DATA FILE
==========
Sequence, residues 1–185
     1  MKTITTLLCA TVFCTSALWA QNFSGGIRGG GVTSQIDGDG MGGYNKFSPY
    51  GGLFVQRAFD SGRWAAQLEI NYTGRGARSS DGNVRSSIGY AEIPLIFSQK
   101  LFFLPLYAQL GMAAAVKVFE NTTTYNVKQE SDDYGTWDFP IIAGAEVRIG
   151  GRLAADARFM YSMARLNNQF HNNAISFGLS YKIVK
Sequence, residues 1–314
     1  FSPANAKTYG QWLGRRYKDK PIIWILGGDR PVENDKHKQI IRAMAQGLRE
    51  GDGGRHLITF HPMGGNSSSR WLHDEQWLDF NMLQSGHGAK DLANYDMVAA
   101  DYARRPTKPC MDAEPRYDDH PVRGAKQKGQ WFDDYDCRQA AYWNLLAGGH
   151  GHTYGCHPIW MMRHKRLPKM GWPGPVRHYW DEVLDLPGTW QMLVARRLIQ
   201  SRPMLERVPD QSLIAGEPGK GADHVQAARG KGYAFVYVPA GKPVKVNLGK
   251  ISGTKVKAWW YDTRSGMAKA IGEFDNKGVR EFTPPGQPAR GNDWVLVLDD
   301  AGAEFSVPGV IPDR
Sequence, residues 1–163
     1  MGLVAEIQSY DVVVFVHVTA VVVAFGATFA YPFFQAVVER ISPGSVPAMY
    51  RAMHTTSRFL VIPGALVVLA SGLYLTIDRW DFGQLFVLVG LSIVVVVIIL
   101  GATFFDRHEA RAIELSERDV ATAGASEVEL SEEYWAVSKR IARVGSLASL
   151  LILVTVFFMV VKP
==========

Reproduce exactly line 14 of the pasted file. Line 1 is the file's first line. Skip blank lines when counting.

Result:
Sequence, residues 1–163